SAN FRANCISCO -- Wednesday gave the Giants and their fans this year's final opportunity to express their mutual admiration.The season-long celebration of the cherished World Series title that San Francisco captured last season didn't end in a successful defense. Though the Giants finished 86-76 while posting their third consecutive winning season, they're also the first reigning champion not to reach the postseason since the 2007 St. Louis Cardinals. But disappointment didn't emerge from the Giants' 6-3 loss to the Rockies that concluded the 2011 campaign. Rather, the afternoon's theme was one of reciprocal tribute, including fond farewells to individuals who proved essential to the franchise's first championship since 1954. Before the top of the seventh inning began, Bill Neukom, the Giants' managing general partner and chief executive officer, was honored in a video tribute. Immediately afterward, Pat Burrell, the left fielder whose baseball future is in doubt, received a standing ovation upon leaving the game. Shortly after the game ended, manager Bruce Bochy and his players returned to the field to thank the fans who generated sellouts at all 81 home games at AT&T Park this year. Right-hander Matt Cain addressed the sun-baked crowd before Bochy took the microphone to salute the Giants' faithful for their "continued and unwavering support." Bochy said later, "We wanted to show our appreciation to them. Even though our season didn't go quite like we had hoped, they were always there through the tough times. We're fortunate to have this type of fan support, energy and enthusiasm. It means a lot to all of us." The day certainly meant a lot to Burrell, who became a fan favorite last year with his clutch home runs and reputation for clubhouse leadership. A strained right foot limited Burrell to 92 games, a .230 batting average and seven home runs this season. He'll turn 35 in October and is hardly assured of receiving another Major League offer. But he lobbied Bochy for one more afternoon in the sun, literally. Afterward, he expressed appreciation for his two-year tenure with San Francisco. "It's nice," said Burrell, a graduate of Bellarmine Prep in nearby San Jose. "My folks got a chance to see all that, and the fans here treated me incredibly. The coaching staff is as good as it can possibly get, in my opinion. I cherished my time here. And hey, if that's it, it's it." To allow the crowd to shower one more ovation upon Burrell, Bochy sent him to left field for the seventh inning before Brandon Belt trotted out to replace him. As the cheering persisted, right-hander Guillermo Mota, the Giants' pitcher at the time, stepped off the mound and enabled Burrell to respond to the curtain call. First baseman Aubrey Huff, Burrell's close friend since they attended the University of Miami together, read his buddy's emotions. "I was hoping they wouldn't send him out there and bring him back," Huff said. "I ran down and got my glasses really quick, so when Belt came out there, I saw [Burrell] halfway. ... I knew by the time he got into the dugout, you saw the tears coming down." Burrell acknowledged his overflow of emotion. "That's always a tough one," he said. "When I went out to left field and I saw Belt start running in, that's when it started. It's tough to stop at that point. For me, it was a great moment. I really appreciate the opportunity to play this game that we all have -- for me, for a long time. It was special." With 13 players eligible for salary arbitration and eight potential free agents, general manager Brian Sabean faces a considerable challenge in trying to maintain the Giants' status as postseason contenders.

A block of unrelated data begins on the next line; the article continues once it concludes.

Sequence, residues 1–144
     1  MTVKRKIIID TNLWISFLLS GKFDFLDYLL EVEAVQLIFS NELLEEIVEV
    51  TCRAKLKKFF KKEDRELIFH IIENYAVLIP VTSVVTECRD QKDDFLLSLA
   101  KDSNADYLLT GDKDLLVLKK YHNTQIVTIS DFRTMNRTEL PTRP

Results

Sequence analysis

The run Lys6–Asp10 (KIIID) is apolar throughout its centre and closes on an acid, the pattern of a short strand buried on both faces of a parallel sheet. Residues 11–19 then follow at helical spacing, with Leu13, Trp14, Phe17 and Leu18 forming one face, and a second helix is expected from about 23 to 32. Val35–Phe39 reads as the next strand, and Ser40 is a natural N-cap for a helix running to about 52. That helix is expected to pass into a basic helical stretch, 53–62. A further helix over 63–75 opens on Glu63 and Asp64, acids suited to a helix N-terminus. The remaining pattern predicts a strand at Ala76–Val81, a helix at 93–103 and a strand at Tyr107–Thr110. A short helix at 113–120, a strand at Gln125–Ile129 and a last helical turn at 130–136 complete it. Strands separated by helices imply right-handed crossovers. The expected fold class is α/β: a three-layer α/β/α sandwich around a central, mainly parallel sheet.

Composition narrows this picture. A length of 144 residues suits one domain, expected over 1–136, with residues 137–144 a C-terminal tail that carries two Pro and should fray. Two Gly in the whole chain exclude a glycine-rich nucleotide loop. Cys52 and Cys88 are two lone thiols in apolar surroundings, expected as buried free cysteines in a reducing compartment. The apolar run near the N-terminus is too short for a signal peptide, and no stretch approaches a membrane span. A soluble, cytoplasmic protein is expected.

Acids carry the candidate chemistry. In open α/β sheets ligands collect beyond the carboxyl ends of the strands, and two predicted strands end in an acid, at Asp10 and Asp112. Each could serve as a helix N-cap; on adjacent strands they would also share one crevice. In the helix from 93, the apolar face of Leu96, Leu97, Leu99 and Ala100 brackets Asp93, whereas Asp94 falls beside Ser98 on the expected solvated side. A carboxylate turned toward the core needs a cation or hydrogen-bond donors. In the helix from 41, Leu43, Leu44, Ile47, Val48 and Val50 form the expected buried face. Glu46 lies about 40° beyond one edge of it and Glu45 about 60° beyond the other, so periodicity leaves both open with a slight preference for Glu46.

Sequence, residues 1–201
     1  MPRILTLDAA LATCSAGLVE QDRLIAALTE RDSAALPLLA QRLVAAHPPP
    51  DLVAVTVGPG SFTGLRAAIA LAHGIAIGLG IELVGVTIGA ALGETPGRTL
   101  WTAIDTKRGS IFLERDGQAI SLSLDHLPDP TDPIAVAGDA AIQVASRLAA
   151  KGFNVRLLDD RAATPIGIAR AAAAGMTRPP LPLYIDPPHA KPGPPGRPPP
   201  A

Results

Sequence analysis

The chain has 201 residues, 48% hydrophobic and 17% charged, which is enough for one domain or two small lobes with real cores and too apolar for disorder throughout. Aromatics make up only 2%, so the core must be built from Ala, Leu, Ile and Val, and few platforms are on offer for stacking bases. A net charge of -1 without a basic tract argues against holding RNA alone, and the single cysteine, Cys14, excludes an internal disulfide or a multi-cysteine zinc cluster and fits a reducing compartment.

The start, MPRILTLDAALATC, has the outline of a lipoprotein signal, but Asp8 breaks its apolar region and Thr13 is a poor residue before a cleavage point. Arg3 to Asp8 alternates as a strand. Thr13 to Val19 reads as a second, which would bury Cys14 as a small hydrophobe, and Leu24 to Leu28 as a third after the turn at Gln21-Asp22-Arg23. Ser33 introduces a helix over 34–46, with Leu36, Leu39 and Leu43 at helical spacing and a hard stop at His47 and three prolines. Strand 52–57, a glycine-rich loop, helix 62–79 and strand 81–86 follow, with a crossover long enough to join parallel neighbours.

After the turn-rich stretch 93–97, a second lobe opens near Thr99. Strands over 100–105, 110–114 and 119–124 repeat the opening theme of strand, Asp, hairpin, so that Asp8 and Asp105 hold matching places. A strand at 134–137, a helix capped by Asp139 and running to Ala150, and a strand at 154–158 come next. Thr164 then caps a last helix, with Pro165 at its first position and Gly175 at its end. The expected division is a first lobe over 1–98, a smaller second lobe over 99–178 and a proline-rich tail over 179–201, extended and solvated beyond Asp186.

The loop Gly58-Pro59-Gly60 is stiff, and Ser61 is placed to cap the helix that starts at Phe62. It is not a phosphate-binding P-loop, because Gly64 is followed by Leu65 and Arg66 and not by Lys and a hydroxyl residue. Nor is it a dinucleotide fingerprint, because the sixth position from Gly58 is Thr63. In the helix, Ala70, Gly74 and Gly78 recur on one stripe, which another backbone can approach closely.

"I'm just really glad I'm not the GM and the one having to make the moves and whatnot," said right-hander Sergio Romo, who's among the arbitration-eligible players. "We do look forward to next year, and we do look forward to competing for that NL West title."The situation regarding one of the free agents, left-hander Javier Lopez, reflects the balancing act Sabean must perform. On one hand, Lopez professed his love for San Francisco and the Giants. "It's a great place to play, a great place to pitch, the fans are wonderful and the staff is great," he said. But Lopez, who said that he already has spoken to Giants officials, indicated that the club might address the contracts of arbitration-eligible players such as Tim Lincecum, Ryan Vogelsong, Santiago Casilla and Romo before turning their attention to him. "It's going to be a wait-and-see type of process," Lopez said. "... I'm just going to sit back and enjoy my time." But while Lopez is doing that, another team could swoop in with an irresistible offer. The importance of maintaining the club's solid pitching was reinforced in the game against the Rockies. Rookie left-hander Eric Surkamp (2-2) allowed four runs and eight hits in 4 2/3 innings, suggesting that trade rumors involving left-hander Jonathan Sanchez might be premature. Though the bullpen performed capably, the two runs it yielded seemed monumental, given the relievers' usual effectiveness. But as the Giants scattered for the offseason, the business of baseball could wait for another day. Mark DeRosa, whose two-run single in the sixth inning temporarily narrowed Colorado's lead to 4-3, recognized this.
Chris Haft is a reporter for MLB.com. This story was not subject to the approval of Major League Baseball or its clubs.